Virginia law has statutory guidelines regarding how much child support to award. However, there can be a deviation from these guidelines if adherence to the guidelines would be unjust or inappropriate. The finding that rebuts the statutory child support guidelines needs to state how much child support would have been awarded per the statutory guidelines, why a deviation is justified and evidence of the following factors.
One factor the court will consider is what monetary support the parents and child receive from other current or former family members. If the child has independent financial resources, this may also be considered. Child custody arrangements, along with expenses associated with travel for visitation periods are another factor the court will consider.
Imputed income to a parent who is either voluntarily underemployed or unemployed will be considered, except in situations where a custodial parent of a child not yet old enough to go to school is a stay-at-home parent because child care services are not available. Each parent's earning capacity will also be considered.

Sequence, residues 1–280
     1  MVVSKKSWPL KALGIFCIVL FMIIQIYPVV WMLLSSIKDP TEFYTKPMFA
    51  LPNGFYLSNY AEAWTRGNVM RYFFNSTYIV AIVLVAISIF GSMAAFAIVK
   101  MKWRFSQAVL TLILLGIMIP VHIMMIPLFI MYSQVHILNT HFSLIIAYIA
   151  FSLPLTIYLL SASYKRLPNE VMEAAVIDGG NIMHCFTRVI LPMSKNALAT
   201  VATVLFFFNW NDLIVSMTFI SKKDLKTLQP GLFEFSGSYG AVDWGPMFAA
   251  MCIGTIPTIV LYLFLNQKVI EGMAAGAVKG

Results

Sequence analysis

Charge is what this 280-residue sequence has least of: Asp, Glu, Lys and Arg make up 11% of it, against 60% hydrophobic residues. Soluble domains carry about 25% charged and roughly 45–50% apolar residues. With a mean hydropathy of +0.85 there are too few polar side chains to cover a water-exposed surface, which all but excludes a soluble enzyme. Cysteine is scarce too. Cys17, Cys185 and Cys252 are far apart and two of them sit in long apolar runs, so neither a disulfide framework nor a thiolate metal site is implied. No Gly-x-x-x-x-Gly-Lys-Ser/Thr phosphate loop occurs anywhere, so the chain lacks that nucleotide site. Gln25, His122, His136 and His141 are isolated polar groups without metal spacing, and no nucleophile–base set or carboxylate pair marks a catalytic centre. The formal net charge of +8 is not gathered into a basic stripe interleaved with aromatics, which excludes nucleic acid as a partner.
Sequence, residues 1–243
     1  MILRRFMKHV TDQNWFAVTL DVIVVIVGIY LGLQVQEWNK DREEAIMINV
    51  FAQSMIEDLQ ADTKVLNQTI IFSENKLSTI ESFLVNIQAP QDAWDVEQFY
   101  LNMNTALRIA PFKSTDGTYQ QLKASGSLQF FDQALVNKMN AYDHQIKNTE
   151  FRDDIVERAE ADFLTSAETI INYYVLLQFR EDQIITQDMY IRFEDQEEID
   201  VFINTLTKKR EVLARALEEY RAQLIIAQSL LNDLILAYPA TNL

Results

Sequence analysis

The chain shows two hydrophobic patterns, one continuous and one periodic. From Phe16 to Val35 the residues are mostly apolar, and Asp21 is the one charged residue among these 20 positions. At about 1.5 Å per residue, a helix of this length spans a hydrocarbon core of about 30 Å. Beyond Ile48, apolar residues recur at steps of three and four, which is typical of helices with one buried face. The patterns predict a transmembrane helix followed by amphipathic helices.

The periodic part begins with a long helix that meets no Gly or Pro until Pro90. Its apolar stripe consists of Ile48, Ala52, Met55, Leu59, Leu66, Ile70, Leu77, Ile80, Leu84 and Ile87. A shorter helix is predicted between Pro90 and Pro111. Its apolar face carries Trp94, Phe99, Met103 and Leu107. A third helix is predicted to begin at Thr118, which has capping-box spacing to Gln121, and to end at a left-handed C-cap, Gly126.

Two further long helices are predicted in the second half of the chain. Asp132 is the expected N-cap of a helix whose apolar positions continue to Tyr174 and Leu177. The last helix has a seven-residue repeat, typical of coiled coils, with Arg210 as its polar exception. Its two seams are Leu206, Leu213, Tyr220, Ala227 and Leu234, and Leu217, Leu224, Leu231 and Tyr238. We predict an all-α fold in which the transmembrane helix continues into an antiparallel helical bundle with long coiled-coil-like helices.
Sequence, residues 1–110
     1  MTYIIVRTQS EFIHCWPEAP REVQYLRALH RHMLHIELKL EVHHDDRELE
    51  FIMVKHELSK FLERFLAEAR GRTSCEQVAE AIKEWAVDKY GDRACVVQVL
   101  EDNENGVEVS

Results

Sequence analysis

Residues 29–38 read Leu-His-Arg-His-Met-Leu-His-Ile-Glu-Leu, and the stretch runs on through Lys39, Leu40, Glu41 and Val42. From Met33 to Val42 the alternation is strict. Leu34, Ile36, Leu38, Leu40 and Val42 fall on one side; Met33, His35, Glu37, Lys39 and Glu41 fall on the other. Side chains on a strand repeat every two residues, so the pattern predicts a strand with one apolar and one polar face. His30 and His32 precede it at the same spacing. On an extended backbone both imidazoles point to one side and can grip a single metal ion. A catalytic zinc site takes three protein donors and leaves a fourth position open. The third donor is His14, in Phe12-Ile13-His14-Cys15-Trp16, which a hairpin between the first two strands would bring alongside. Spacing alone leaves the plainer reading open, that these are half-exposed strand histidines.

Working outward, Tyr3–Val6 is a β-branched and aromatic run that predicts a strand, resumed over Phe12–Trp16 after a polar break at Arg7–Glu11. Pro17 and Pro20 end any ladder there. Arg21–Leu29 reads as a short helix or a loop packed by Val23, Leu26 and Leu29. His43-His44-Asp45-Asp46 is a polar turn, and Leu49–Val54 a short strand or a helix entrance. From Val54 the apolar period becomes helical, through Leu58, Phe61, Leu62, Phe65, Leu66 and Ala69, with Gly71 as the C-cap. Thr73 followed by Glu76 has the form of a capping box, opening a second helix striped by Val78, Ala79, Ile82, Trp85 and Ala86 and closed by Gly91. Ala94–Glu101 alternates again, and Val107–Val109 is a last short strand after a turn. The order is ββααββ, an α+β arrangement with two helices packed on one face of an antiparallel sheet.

Debts for the child's benefit incurred while married will be considered. Extraordinary capital gains made by selling the family home may be considered. The standard of living the child enjoyed while his or her parents were married will be considered.
These are only some factors the court may consider in determining whether there should be a deviation from the statutory child support guidelines; there are others as well. These factors affect each parent's ability to provide child support, their child support obligations and the child's best interests. It is important that any deviation made is appropriate under the circumstances. Therefore, parents that wish to rebut the presumption that the statutory child support guidelines should be followed should be prepared to provide the court with a substantiated argument in their favor that takes the above factors into account.